PUB480 Indigenous Editing Practices

This course will introduce both basic editorial principles and the diversity of Indigenous storytelling practices and protocols, to explore how Indigenous people’s histories, ways of being, worldviews, and life experiences might play into editorial decision-making. Rather than teaching individual editorial rules or prescribing universal rules for editing Indigenous manuscripts, this course will help students to consider the historical context and the principles behind the rules that guide all types of editing. Students will develop an informed and case-by-case approach of their own by critically applying principles learned from Indigenous storytellers themselves.

Students of this course will be able to:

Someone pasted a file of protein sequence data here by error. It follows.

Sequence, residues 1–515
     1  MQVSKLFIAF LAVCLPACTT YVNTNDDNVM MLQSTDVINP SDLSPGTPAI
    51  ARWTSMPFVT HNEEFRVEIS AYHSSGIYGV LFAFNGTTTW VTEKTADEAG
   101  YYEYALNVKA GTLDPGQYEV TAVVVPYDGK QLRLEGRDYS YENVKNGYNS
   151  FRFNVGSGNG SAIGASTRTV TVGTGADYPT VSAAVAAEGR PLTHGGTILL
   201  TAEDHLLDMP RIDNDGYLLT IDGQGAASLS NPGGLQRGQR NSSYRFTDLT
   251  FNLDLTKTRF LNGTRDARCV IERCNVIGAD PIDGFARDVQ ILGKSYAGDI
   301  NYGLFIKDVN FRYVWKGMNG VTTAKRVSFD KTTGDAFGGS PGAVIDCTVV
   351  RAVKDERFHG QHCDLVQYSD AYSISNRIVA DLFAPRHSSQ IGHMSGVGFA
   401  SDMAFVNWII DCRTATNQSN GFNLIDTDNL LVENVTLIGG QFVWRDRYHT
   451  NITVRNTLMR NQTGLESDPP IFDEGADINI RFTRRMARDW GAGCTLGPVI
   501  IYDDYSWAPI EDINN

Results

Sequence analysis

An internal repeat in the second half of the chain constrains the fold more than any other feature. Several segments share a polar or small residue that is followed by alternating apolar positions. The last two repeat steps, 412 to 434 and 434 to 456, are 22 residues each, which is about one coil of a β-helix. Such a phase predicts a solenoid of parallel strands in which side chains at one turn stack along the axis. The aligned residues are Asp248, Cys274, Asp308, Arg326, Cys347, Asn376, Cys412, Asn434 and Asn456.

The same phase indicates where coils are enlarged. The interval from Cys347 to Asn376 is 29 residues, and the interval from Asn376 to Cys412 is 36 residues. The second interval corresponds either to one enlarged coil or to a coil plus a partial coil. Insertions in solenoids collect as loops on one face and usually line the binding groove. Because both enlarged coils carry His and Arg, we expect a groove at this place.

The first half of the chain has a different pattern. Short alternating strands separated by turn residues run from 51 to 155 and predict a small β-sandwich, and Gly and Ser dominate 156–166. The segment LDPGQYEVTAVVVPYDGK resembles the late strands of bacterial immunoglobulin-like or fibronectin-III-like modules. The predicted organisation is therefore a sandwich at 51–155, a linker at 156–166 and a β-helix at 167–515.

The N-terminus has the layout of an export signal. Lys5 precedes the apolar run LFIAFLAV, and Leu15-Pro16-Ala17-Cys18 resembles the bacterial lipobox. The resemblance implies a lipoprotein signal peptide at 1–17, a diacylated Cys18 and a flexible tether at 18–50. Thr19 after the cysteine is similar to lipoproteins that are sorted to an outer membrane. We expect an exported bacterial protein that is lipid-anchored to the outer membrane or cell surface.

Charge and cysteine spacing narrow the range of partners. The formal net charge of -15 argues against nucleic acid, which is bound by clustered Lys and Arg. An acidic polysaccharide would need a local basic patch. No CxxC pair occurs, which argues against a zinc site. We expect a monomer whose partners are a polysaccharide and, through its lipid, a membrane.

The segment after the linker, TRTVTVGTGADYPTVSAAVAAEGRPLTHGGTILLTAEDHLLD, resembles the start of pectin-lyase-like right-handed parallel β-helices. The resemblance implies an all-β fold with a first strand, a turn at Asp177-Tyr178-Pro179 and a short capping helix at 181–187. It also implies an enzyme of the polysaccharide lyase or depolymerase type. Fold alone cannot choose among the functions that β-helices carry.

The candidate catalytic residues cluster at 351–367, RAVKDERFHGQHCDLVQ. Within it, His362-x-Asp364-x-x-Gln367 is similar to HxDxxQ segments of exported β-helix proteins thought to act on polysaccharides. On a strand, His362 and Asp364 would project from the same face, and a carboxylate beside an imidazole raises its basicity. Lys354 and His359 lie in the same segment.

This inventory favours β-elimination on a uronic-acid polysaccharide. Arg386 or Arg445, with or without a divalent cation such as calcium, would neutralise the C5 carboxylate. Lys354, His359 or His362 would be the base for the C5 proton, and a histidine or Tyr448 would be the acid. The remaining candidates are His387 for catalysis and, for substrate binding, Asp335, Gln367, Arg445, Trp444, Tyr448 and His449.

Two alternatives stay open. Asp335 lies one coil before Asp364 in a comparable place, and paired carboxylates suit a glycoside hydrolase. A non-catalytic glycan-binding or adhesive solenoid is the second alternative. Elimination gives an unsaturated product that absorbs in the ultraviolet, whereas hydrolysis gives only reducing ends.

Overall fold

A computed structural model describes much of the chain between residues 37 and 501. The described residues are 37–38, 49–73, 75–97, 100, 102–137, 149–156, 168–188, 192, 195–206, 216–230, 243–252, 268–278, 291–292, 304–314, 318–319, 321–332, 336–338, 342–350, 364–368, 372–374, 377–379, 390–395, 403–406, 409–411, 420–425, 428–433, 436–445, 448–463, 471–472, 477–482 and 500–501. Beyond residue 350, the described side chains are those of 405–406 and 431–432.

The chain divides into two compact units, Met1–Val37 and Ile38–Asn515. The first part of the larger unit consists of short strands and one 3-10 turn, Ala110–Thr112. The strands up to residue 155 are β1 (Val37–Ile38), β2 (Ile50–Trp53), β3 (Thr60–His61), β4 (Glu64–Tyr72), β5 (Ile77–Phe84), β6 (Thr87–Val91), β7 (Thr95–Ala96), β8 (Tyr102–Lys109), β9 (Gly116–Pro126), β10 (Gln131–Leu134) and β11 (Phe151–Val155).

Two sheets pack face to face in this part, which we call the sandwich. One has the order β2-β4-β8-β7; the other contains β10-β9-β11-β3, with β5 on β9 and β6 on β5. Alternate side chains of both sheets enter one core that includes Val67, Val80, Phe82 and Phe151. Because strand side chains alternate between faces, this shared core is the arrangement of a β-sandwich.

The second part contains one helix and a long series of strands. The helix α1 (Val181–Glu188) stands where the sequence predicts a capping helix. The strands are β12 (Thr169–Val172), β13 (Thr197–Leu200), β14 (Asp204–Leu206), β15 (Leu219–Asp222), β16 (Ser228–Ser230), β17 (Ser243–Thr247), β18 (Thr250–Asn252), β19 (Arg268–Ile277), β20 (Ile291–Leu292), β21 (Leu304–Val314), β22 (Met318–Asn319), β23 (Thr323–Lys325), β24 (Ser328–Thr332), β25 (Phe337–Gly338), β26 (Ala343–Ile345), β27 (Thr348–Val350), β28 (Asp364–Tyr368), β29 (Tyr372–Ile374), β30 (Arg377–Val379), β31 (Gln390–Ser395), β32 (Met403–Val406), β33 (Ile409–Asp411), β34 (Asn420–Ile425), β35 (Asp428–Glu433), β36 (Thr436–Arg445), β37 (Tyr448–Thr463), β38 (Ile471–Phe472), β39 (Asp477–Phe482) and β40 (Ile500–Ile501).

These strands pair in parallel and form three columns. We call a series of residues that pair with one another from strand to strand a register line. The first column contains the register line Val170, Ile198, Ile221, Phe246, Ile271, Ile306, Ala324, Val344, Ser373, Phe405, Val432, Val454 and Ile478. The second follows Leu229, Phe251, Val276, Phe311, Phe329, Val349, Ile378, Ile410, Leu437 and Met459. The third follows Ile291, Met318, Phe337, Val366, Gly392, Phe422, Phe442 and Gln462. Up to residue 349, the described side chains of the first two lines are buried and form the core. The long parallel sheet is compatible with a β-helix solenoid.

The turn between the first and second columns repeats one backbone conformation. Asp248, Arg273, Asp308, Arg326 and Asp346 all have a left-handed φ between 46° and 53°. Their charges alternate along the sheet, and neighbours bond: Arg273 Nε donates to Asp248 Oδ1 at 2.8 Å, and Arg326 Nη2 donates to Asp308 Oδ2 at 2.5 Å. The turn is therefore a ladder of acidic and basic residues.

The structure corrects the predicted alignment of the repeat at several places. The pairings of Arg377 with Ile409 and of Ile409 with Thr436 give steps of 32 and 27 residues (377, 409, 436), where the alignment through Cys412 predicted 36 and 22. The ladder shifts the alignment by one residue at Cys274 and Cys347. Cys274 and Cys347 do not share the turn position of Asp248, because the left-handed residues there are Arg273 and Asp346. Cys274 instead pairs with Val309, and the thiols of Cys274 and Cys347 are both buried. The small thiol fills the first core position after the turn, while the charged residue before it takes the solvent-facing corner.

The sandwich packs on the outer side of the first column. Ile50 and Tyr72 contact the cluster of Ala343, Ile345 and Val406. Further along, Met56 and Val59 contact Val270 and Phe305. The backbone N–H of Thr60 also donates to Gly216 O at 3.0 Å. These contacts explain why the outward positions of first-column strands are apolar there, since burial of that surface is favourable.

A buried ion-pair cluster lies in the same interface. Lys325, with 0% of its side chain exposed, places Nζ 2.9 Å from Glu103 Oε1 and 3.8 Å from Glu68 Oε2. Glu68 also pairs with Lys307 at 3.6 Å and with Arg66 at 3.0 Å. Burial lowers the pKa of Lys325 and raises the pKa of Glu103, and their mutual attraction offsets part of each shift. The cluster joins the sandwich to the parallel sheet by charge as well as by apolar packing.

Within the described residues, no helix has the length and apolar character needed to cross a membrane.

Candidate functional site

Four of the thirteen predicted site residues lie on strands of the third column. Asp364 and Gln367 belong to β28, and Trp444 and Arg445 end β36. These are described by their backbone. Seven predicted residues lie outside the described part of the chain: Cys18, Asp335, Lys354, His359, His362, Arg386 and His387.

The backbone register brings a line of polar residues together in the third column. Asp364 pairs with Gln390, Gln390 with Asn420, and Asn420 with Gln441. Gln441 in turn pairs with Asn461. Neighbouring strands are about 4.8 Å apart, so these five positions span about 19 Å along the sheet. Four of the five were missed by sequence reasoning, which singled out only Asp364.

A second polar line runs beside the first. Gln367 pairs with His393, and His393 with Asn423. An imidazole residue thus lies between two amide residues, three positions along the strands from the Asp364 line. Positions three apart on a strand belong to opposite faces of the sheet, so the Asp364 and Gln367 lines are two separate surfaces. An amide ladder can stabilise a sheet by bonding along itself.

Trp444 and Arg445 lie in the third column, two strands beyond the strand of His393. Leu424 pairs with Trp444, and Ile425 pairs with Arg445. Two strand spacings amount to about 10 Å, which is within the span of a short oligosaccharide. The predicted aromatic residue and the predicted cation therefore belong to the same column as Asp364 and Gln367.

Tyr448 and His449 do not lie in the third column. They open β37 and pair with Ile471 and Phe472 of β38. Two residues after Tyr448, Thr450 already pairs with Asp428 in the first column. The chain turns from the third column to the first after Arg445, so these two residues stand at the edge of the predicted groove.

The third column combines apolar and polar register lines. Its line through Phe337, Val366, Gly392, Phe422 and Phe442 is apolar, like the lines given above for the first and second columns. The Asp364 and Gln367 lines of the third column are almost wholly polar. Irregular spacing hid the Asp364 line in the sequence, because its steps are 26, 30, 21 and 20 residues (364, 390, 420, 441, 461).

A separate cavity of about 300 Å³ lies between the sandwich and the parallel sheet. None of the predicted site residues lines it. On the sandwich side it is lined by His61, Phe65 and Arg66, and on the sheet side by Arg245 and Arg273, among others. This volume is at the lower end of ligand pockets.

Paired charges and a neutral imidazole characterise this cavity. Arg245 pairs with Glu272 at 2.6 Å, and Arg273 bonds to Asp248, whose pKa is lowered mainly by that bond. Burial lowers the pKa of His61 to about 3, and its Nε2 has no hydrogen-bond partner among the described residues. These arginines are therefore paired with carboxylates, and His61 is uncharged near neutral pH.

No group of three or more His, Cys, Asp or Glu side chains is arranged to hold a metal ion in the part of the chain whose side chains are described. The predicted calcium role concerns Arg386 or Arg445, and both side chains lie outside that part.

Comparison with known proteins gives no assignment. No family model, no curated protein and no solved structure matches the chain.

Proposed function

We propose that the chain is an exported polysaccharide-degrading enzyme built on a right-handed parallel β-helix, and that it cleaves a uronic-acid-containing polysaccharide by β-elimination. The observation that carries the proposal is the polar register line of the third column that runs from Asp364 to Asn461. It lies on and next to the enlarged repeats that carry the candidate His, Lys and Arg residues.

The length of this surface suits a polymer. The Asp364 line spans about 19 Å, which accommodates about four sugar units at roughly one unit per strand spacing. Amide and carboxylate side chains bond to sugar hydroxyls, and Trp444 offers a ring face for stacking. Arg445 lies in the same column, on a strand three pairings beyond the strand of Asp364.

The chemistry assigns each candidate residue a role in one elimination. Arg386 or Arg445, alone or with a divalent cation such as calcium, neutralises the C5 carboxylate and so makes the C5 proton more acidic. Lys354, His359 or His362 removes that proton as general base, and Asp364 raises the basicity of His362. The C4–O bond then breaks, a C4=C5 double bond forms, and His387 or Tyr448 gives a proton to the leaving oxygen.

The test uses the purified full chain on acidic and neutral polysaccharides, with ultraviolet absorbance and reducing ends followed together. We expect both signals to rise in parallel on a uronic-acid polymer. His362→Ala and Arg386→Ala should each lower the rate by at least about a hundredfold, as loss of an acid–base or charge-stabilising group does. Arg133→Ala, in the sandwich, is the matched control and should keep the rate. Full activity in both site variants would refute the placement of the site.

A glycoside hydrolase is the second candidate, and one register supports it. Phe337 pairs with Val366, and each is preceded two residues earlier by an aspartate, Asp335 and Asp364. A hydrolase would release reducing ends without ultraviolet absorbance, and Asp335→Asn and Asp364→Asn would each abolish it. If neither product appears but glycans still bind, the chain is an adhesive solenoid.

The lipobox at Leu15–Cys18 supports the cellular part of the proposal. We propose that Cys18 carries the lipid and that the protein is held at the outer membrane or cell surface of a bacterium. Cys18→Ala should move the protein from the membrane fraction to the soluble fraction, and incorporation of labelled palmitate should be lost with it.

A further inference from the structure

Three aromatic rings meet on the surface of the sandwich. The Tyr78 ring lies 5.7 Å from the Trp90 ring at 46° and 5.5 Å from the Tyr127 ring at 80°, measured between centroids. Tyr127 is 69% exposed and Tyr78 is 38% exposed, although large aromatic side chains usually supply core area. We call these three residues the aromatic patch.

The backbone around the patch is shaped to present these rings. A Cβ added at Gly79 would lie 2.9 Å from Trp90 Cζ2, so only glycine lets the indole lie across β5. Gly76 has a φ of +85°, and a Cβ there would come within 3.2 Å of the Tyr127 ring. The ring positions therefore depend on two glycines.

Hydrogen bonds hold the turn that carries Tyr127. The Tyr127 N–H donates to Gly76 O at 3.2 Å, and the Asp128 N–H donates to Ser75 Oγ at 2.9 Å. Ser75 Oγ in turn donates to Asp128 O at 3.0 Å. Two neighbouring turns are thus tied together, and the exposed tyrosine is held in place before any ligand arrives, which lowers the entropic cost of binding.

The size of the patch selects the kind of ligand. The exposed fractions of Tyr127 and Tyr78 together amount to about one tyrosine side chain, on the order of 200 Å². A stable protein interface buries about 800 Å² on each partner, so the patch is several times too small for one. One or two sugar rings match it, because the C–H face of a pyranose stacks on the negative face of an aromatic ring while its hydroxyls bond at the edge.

• Describe the history of publishing of texts by Indigenous authors in lands claimed by Canada
  • Understand and identify foundational information regarding the histories of Indigenous peoples, including federal agreements that have affected Indigenous contexts
  • Understand the debates around appropriation of Indigenous knowledges, especially around the 1980s and the 20teens
  • Describe the roles and responsibilities of four types of editors
  • Distinguish between developmental editing, stylistic editing, copy editing, and sensitivity reading issues
  • Understand some of the roles stories can play in Indigenous people‚Äôs knowledge systems
  • Describe some of the principles in play when editing Indigenous manuscripts
  • Provide a clear manuscript evaluation with suggested editorial treatment and rationale
Assignment #1: Copyediting exercise 10%
Assignment #2: Developmental Editing exercise 20%
Assignment #3: Guiding Principles for Manuscript Evaluation 30%
Assignment #4: Book Proposal 30%
Participation 10%
This course is cross-listed with INDG 410 D100
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